In the late 1970s, long before social media became the primary means of creating buzz, ski promoters would brainstorm the wackiest stunts imaginable to attract mainstream media attention. That’s when David Moe—the cofounder of Powder magazine and a marketing genius who would often don an all-white outfit as his alter ego, “Captain Powder”—dreamed up a sand skiing competition in Redondo Beach, California.
Today, Moe resides near Seattle, but back then he lived in Southern California, where he trained for the American Birkebeiner by kicking and gliding on local beaches. He knew people were already skiing on grass and sand dunes, so why not along the shoreline?
The idea caught on, and Moe held his sand skiing competition in 1977. The city’s beach-cleaning machines removed seaweed, plastic garbage and cigarette butts before the event, and some 200 spectators showed up to watch 40 racers. Moe won that year and became world champion.
The next year, high-end cross country ski manufacturer Epoke Ski Company (pronounced “ee-poke-ee”) came on as the title sponsor, and the event became the Epoke Beach Classic. Recalls Peter Graves, the ski coach and Olympic commentator who, at the time, served as marketing director of NorTur, Inc., the wholesaler for Epoke, “The first year we didn’t know what we were getting into. We had competitors in a tuxedo, a suit of armor and dressed as an Arab sheik to complement the serious racers.”
The company brought in some Norwegian ringers. Bjorn Arvnes of Norway, champion of the 1977 American Birkebeiner, won on the 3km sand course, just ahead of Moe.
Says Larry Harrison, now the brand development director for the Outdoor Retailer trade shows but a NorTur sales rep back then, “I often trained on sand to stay in shape, so I was sure a competition could attract the attention of Epoke retailers and help make cross country more exciting. We invited attractive men and women to compete, and at one point had three photographers shooting at once.”
The Epoke Beach Classic took the media by storm. A photo appeared on the front page of the Los Angeles Times, and even the National Enquirer reported that “sand skiing was sweeping the country.” Producer George Schlatter, best known for Rowan & Martin’s Laugh-In, sent a crew to film sand skiing for the popular NBC television series Real People.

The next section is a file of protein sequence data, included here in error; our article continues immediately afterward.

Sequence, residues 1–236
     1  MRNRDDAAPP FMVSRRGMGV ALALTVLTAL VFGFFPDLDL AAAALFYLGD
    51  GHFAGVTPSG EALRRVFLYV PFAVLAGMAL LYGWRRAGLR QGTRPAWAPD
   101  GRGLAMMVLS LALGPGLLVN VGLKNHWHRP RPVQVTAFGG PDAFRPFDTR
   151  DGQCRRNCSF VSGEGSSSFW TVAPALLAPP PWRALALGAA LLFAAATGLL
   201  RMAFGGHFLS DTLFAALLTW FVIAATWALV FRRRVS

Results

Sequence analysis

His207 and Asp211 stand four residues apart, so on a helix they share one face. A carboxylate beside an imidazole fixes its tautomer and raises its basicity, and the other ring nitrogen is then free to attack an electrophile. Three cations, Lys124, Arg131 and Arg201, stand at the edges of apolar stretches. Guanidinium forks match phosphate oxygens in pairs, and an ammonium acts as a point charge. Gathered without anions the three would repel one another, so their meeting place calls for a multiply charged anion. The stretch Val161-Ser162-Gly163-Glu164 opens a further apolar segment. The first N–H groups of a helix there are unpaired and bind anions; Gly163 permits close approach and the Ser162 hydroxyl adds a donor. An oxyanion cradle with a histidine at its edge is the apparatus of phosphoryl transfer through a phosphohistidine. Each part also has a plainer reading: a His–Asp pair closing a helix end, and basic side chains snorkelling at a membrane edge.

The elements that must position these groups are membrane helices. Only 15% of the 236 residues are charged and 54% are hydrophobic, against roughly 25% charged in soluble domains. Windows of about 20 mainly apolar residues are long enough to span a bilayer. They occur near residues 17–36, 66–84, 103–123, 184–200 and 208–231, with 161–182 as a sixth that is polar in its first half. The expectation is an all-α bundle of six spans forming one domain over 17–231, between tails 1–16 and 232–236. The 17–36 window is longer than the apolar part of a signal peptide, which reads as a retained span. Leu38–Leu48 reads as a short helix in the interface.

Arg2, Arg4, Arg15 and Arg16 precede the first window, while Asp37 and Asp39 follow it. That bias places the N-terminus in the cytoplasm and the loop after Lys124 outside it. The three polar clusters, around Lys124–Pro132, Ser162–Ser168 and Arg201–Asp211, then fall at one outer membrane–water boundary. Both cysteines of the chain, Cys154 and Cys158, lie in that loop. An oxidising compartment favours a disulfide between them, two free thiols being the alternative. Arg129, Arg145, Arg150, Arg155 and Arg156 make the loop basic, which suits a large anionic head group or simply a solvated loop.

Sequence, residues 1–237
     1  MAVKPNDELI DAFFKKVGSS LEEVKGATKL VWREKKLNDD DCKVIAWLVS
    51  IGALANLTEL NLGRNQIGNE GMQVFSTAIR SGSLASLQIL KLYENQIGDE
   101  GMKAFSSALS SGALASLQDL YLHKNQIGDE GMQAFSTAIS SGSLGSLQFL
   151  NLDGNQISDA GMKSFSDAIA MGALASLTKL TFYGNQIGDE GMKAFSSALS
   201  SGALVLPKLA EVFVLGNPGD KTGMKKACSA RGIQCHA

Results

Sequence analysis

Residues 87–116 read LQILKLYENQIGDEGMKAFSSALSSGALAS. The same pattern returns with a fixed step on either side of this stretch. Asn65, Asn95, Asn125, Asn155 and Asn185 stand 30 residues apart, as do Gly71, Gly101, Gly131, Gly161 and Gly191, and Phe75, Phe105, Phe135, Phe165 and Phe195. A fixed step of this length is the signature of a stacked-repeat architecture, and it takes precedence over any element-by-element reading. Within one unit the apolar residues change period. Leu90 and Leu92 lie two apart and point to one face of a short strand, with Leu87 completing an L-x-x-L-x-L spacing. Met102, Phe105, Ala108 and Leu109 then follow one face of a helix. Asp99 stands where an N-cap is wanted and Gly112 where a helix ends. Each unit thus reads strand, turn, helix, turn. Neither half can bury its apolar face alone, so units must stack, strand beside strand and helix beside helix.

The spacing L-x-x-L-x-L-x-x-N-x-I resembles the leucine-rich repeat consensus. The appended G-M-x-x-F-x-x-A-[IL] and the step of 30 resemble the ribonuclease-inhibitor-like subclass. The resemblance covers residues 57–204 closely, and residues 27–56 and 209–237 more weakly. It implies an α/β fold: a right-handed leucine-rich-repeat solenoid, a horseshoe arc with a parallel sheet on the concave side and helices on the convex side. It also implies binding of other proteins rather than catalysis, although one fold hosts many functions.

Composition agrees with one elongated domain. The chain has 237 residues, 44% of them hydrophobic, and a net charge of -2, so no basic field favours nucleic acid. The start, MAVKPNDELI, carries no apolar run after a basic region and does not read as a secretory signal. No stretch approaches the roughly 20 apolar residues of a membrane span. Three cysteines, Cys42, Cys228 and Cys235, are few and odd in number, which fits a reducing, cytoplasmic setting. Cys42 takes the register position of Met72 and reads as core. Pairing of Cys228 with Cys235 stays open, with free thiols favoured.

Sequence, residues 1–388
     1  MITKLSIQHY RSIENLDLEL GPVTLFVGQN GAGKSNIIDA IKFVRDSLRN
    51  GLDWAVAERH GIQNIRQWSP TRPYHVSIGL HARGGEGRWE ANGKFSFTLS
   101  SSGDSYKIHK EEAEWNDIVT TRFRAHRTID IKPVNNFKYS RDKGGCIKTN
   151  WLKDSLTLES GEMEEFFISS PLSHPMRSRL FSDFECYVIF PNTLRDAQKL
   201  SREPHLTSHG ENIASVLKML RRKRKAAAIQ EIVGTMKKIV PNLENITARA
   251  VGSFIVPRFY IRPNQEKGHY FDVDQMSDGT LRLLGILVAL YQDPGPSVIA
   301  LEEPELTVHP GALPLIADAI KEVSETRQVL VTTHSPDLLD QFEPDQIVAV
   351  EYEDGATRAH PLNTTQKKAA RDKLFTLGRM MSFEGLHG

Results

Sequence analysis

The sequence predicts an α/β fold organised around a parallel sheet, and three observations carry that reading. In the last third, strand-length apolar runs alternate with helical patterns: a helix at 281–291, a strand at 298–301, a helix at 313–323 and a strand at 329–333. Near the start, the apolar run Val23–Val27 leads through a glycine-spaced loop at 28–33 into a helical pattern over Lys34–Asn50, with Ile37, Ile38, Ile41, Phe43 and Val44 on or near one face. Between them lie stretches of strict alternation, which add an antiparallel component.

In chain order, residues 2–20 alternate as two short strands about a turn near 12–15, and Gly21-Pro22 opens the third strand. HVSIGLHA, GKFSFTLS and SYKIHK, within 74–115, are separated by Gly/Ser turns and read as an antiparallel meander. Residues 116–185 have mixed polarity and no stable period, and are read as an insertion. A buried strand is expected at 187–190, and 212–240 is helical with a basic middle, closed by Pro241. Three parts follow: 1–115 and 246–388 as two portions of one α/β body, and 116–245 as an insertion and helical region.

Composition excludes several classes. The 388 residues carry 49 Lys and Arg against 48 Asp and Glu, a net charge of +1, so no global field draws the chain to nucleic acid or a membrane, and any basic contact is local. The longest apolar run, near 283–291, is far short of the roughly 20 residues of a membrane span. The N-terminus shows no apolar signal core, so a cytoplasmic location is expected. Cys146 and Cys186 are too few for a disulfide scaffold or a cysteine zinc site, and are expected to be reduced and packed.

According to Harrison, the event did indeed help sales and introduce people to cross country. “We outdrew the nearby Jose Cuervo Beach Volleyball World Championships, and I understand they were upset we received so much press,” he says. “It was refreshing to be out skiing in swimsuits. People would compete on their big, waxless Trak skis. They would have great kick but lacked much glide. Slim-waisted waxable racing skis were ideal.”
The Epoke event was difficult to sustain, however, and petered out after a few years (might it have inspired Bill Koch, who enthusiastically took up sand skiing in the mid-1990s?). Moe is currently toying with the idea of resurrecting Nordic sand skiing competitions in the Seattle area, now that the pandemic has attracted more people outdoors and daily downhill lift tickets cost a stratospheric $200 or more at some Western resorts.
While we never saw bumper stickers reading “Ski Redondo” in the late 1970s, this quirky bit of cross country history introduced countless Americans to a new way of sliding, whether on sand or snow.